So-called ‘decentralised finance’ (DeFi) crime continued to rise in 2020, according to a report from crypto intelligence company CipherTrace.
The rise in DeFi crime came as losses from cryptocurrency theft, hacks, and fraud fell 57% last year to $1.9 billion, due in no small part to increased security measures by corporates.
Fraud was the dominant cryptocurrency crime in 2020, followed by theft, and ransomware, according to the report.
Half of all thefts, or about $129 million, were hacks tied to DeFi, which are transactions on platforms that facilitate lending outside of banks.
DeFi networks often lack clear regulatory compliance, so in theory anyone in any country is able to access them with little to no customer-verification hurdles involved.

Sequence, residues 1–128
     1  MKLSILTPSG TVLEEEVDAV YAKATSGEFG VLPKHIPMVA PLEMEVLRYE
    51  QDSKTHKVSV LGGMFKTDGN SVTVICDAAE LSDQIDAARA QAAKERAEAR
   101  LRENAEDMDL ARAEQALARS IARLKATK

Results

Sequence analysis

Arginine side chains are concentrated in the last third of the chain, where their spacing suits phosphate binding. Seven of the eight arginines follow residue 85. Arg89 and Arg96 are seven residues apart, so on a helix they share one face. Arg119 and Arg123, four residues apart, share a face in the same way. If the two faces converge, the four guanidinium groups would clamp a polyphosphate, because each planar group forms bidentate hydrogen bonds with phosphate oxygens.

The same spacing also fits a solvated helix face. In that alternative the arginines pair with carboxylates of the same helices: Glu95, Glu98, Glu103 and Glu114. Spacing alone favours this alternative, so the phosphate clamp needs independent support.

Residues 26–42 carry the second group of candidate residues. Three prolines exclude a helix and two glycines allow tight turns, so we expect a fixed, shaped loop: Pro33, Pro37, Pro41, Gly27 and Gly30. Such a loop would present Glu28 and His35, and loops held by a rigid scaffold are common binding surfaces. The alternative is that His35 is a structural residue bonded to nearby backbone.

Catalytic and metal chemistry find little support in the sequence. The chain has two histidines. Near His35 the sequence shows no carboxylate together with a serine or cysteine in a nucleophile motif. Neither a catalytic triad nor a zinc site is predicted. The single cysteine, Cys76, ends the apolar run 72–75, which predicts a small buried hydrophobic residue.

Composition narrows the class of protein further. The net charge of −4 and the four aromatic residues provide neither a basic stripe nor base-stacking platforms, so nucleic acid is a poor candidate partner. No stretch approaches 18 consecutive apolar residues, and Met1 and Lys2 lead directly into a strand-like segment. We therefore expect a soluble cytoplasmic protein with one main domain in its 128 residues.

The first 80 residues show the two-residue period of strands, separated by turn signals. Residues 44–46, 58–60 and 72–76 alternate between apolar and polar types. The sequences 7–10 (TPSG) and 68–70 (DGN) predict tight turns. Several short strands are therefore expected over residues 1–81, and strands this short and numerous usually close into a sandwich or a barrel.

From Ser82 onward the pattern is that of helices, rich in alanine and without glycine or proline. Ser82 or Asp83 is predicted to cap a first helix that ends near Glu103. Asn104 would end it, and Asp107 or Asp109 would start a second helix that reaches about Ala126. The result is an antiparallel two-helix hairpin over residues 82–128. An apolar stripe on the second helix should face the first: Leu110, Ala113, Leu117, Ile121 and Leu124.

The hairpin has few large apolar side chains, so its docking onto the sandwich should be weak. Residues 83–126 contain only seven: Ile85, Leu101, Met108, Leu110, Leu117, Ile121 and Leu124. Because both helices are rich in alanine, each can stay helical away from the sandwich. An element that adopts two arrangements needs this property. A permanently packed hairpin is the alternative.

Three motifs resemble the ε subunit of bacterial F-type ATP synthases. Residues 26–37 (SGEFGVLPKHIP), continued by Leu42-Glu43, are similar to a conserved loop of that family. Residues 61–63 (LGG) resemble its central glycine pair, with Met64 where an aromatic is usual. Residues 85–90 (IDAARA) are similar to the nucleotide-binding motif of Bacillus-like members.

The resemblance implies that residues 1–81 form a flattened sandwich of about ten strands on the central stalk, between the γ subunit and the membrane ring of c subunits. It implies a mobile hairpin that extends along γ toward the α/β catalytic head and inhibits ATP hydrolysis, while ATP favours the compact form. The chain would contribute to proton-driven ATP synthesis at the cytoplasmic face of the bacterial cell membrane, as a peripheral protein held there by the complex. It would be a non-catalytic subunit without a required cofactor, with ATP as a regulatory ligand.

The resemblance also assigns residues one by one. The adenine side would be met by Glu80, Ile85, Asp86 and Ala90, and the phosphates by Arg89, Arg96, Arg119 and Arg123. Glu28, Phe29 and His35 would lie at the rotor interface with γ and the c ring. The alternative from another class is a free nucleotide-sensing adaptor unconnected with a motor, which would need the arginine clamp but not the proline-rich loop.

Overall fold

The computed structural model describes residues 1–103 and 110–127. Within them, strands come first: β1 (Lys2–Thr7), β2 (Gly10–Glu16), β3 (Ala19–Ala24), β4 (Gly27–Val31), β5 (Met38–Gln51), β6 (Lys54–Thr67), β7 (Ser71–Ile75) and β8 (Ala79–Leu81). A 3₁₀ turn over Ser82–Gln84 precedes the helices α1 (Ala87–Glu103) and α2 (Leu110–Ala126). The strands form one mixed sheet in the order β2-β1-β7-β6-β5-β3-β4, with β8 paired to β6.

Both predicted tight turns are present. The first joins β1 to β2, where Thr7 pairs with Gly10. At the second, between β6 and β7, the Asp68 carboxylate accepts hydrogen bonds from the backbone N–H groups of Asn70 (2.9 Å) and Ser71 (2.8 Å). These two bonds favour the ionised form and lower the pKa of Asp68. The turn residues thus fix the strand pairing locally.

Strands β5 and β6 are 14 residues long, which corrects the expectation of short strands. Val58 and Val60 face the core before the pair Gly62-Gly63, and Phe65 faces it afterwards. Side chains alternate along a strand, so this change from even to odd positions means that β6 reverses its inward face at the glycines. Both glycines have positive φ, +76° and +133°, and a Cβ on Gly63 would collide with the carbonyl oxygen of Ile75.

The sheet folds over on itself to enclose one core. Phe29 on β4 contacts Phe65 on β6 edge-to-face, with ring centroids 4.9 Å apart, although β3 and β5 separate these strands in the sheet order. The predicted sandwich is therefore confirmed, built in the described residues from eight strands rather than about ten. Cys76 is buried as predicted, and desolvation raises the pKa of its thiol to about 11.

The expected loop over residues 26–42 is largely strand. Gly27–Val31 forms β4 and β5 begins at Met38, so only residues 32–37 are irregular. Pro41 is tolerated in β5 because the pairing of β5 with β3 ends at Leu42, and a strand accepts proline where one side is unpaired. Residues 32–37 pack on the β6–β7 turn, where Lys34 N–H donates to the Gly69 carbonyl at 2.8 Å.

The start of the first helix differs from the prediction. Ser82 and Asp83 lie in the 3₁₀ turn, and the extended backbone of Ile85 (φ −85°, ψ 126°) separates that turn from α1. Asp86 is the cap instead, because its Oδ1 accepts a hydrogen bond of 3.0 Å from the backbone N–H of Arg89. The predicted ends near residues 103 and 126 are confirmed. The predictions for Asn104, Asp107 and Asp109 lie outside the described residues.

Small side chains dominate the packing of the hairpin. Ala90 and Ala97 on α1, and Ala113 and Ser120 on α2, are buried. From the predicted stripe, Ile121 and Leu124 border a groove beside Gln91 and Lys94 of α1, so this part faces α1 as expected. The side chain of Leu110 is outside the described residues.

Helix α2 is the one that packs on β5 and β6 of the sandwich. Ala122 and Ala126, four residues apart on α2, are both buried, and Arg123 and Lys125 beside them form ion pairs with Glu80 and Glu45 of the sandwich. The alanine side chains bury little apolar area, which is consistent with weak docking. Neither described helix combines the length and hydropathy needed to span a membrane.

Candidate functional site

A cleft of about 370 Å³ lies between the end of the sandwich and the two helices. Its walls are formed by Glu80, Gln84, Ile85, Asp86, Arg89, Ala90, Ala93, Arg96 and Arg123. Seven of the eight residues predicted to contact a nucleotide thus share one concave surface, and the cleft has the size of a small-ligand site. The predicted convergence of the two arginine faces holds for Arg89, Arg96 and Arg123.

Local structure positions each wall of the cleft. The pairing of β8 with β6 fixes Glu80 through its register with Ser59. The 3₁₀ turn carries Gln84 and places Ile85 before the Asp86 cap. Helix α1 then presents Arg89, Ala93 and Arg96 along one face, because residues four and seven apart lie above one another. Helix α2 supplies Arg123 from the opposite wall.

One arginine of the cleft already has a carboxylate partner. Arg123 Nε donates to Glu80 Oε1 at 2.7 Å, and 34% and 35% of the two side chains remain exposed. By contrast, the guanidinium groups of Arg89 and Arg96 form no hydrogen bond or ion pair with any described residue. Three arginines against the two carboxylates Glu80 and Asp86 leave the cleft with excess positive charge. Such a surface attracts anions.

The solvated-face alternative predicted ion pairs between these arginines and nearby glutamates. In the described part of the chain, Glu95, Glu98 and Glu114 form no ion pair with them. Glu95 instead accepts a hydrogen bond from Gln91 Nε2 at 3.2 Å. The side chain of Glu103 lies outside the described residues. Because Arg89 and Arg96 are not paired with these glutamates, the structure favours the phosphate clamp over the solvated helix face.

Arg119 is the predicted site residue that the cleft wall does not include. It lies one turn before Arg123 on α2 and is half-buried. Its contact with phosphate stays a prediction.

The total number of loans on DeFi platforms was nearly $25 billion, as of late Wednesday, data from industry site DeFi Pulse showed, up more than 500% from roughly $4 billion in August last year.
DeFi sites run on open infrastructure, with algorithms that set rates in real time based on supply and demand.
The report also showed bitcoin addresses with criminal ties sent, at minimum, $3.5 billion worth of bitcoins throughout 2020, or less than 1% of total crypto transactions. This figure includes bitcoin addresses controlled by so-called dark markets, ransomware actors, hackers, and fraudsters.
CipherTrace indicated that the bulk of those bitcoins would be laundered by bad actors, meaning they will make their way to an exchange where they are converted to fiat currency and transferred to a bank.